The court of Milan on IP assets’ devaluation due to tarnishment: the forensic accountant’s point of view on a damages’ assessment internationally-viable method by Simona Cazzaniga (Studio Legale Sutti – Italy)
The assessment of direct damages for the “tarnishment” of IP assets is one of the most controversial issues in the enforcement of IP. The problem is especially difficult when IP assets’ devaluation is concerned. Irrespective of the country or the judicial system concerned, determining the appropriate pecuniary compensation for the injured party is an awkward task.
Punitive or exemplary damages, wherever they are granted by local courts, are usually in proportion to loss of profits or consist in the disgorgement of profits. However, this concept only dilutes the need for a reliable method to determine correctly the degree of devaluation IP assets. “Equitable” assessments based on factors such as R&D or marketing costs are an effort to cope with the problem, but they also neglect the need for a more direct approach.
In most cases, the absence of a direct monetary measurement of IP asset’s devaluation is utterly evident: the hurdle seems to be the lack of a legally-acceptable calculation method.
That lack may appear weird to an accountant, accustomed to the severe rules of US GAAP (Generally Accepted Accounting Principles) in the USA and IFRS (International Financial Reporting Standards) in the EU and the rest of the world. Evaluating and devaluating assets is an accountant’s routine task, to be made according to clear and concrete rules, involving possible personal civil and criminal liability in financial lawsuits. Why should IP infringement trials be any different?
A recent decision of the Court of Milan (n. 7432/2015, “Flou” vs “Mondo Convenienza”, President: Marina Tavassi) has helped to fill this gap, “borrowing” the IFRS International Accounting Principles in an IP infringement case, on the basis of an expert witness opinion provided by a court-appointed forensic accountant, Dr. Andrea Vestita.
The logic is simple. Under IFRS, each year companies must re-assess how much their IP assets are worth according to the so-called impairment test, defined as the process of writing off all balance sheet values having no reasonable economic basis (IFRS 36). The Court of Milan stated that if an IP infringement causes a potential IP-asset writing off under IFRS, then that the amount written off can be considered as a legally acceptable measurement of direct damages for IP assets’ tarnishment.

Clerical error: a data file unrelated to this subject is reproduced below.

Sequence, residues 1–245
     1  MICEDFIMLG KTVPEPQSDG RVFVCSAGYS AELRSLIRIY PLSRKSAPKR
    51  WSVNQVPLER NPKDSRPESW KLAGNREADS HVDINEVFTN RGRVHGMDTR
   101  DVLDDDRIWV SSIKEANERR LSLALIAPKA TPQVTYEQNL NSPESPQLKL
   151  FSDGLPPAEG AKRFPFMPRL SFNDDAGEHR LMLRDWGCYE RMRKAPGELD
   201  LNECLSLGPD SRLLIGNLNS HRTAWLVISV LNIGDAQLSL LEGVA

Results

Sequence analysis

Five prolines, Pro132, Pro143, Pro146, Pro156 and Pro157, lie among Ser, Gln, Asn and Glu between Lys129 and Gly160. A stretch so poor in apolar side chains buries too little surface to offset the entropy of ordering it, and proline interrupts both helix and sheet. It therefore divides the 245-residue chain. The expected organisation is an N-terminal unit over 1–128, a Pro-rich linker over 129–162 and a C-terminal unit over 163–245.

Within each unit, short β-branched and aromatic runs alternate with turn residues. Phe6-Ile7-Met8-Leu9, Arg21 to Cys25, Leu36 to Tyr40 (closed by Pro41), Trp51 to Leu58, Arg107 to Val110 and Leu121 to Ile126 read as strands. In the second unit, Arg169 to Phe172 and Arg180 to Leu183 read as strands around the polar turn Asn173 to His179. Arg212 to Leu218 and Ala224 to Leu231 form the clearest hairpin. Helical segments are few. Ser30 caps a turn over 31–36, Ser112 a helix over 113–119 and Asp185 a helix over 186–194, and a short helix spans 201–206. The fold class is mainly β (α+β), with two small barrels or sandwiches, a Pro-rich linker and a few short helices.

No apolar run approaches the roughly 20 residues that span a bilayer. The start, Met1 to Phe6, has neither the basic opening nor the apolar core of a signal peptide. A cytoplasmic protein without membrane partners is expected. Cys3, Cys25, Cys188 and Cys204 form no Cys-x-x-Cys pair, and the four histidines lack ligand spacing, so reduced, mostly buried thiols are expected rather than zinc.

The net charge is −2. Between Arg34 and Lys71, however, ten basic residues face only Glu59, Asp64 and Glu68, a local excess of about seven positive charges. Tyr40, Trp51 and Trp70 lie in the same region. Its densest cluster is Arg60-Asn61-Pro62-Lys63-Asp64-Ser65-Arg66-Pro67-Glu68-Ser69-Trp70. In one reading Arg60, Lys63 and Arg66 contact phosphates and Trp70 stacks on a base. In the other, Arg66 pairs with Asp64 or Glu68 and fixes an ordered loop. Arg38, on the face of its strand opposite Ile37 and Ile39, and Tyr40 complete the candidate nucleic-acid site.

Companies must proceed the assets’ impairment test at least in each financial statement, assessing their recoverable amount and then comparing it with their book value.
The asset’s recoverable amount is defined as the higher between“… the price that would be received when selling an asset […] in an orderly transaction between market participants at the measurement date …” (the so-called fair value) and “… the net present value (NPV) of a cash flow or other benefits that an asset generates for a specific owner under a specific use …” (the so called value in use).
The asset’s book value is defined as its last historical value written in a company’s accounting books, which is, in most cases, the value recorded in the last balance sheet.
Finally, the asset’s recoverable amount must be compared with its book value because the last, if higher, must be devalued to the first, so as to write off all balance sheet values having no-reasonable economic basis. This process is called impairment test.
Assessing assets’ recoverable amounts and proceedings the impairment test are compulsory standard duties in companies’ life, and they are strictly regulated by both IFRS an US GAAP in an almost identical way, at least for IP assets.
On this basis, the Court of Milan stated that direct damages can be awarded in the amount to be written off further to the results of the impairment test, obtained from ante- and post-infringement value assessment of the tarnished IP asset, assuming that the asset’s pre-infringement book value coincides with its recoverable amount at that time. In other words, damages can be liquidated as the difference between the asset’s recoverable amounts before and after the infringement. Therefore, the Court of Milan stated that direct damages arising from IP assets’ tarnishment can be assessed as a particular case of a standard (legal) IFRS procedure.
Interestingly, a claim on such basis could be actionable in many countries granting direct damages for IP assets’ tarnishment, since IFRS and US GAAP have practically a worldwide legal relevance.
IFRS are EU Regulations since the early 2000s, so having legal force in all EU Countries. US GAAP have in the USA – mutatis mutandis – the same force as IFRS in EU.
More than 100 non-EU countries require the use of IFRS by public companies, while most of other jurisdictions permit their use in at least some circumstances. Until now, the most relevant exceptions in this worldwide success story are China, India, Indonesia, Japan and Switzerland, but all those countries have been showing an actual interest in adopting IFRS in a near future.
Besides, US GAAP and IFRS have been converging for many years (albeit with many stops-and-gos) towards a common framework of accounting principles. This goal, though not completely achieved yet, seems within reach in the foreseeable future. Moreover, IP evaluation – which is obviously relevant to an infringement lawsuit – in IFRS and US GAAP are already almost identical.
Now, the IP court of Milan has stated that assessing direct damages for IP assets’ tarnishment on such basis meets all the legally necessary requirements.
From a forensic accountant’s point of view, time could be ripe for an internationally acceptable assessment method, capable of improving IP enforcement and of making specialised courts’ lives easier.